8.0 Lenin's Influence on How to Read Marx

Above, I have not said much about Marx at all. I suppose I would find something about political economy in Lenin's 1899 book, The Development of Capitalism in Russia.

In his 1913 pamphlet, The Three Sources and Three Component Parts of Marxism, Lenin says that the three sources of Marxism are German philosophy, English political economy, and French socialism. I do not know how influential this claim was; the first two sources are obvious. I would like to emphasize so-called Ricardian socialists, who were not French, for the last source. Nevertheless, Marx and Engels were part of a socialist movement that predated them.

Somewhere, probably in notes not published in his lifetime, Lenin says that you cannot understand Marx's Capital if you have not read Hegel's Logic. I do not like Hegel. I have read a bit of Christopher Arthur.

I suppose I am not the only one to read Marx's Remarks on the Gotha Program with Lenin's State and Revolution in mind, and vice versa.

9.0 Conclusion

Elements of Leninism include a workers' vanguard party, democratic centralism an alliance with peasants in anti-imperialist struggles,and a government of soviets dominated by the communist party.

  • Christopher Hill. 1971 (1947). Lenin and the Russian Revolution. Penguin Books.
  • Leszek Kolakowski. . Main Currents of Marxism (3 volumes). New York: W. W. Norton.
  • Vladimir Lenin. 1902. What is to be done? Collected Works: Vol. 5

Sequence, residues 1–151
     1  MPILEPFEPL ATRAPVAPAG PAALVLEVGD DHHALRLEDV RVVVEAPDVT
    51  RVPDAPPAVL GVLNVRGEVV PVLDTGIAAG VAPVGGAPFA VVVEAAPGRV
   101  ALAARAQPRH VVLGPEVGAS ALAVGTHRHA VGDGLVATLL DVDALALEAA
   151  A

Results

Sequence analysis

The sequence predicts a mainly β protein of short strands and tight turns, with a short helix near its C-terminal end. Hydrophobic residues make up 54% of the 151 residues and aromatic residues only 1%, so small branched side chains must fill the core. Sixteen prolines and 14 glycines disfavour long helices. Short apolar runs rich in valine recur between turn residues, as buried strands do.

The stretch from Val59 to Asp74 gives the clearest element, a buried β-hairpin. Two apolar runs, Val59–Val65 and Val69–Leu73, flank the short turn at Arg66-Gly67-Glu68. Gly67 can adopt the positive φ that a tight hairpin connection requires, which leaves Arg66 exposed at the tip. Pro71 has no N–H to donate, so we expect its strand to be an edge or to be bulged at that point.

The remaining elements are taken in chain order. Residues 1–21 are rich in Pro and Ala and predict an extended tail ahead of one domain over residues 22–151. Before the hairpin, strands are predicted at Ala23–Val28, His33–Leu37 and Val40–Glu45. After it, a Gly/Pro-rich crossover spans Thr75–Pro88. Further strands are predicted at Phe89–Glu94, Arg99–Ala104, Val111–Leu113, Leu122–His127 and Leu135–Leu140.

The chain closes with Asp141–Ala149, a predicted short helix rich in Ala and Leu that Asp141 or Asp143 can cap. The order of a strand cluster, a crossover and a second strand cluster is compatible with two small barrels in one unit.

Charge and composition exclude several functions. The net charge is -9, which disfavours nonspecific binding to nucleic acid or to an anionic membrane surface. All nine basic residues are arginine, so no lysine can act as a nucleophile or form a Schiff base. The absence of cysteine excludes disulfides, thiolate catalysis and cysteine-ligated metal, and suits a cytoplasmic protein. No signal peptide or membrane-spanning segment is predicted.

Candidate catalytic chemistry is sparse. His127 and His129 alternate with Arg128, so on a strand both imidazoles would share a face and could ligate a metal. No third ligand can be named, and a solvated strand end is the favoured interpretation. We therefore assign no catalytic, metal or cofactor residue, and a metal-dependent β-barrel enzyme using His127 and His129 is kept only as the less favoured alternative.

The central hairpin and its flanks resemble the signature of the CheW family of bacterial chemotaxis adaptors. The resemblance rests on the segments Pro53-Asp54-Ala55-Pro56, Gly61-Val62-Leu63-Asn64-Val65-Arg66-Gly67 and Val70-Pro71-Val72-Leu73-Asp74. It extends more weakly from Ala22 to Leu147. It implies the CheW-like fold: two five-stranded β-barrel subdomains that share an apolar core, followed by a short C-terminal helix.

• Vladimir Lenin. 1904. One step forward, two steps back. Collected Works: Vol. 7
  • Vladimir Lenin. 1908. Materialism and empirio-criticism. Collected Works: Vol. 14
  • Vladimir Lenin. 1914 - 1916. Conspectus of Hegel's book The Science of Logic. Collected Works: Vol. 38
  • Vladimir Lenin. 1917a. Imperialism, the highest stage of capitalism. Collected Works: Vol. 22
  • Vladimir Lenin. 1917b. The tasks of the proletariat in the present revolution ('April Theses'). Collected Works: Vol. 24
  • Vladimir Lenin. 1918. The state and revolution. Collected Works: Vol. 25
  • Vladimir Lenin. 1920. 'Left-wing' communism: an infantile disorder. Collected Works: Vol. 31
  • Georg Lúkacs. 1971. History and Class Consciousness: Studies in Marxist Dialectics. Merlin Press.
  • Julius Martov. 1938. The State and Socialist Revolution.
  • Georgi Plekhanov. 1891. The Materialist Conception of History.
  • John Reed. 1966 (1919). Ten Days that Shook the World. Penguin Books.
  • Joseph Stalin. 1945. The foundations of Leninism, in Problems of Leninism. Moscow: Foreign Languages Publishing House.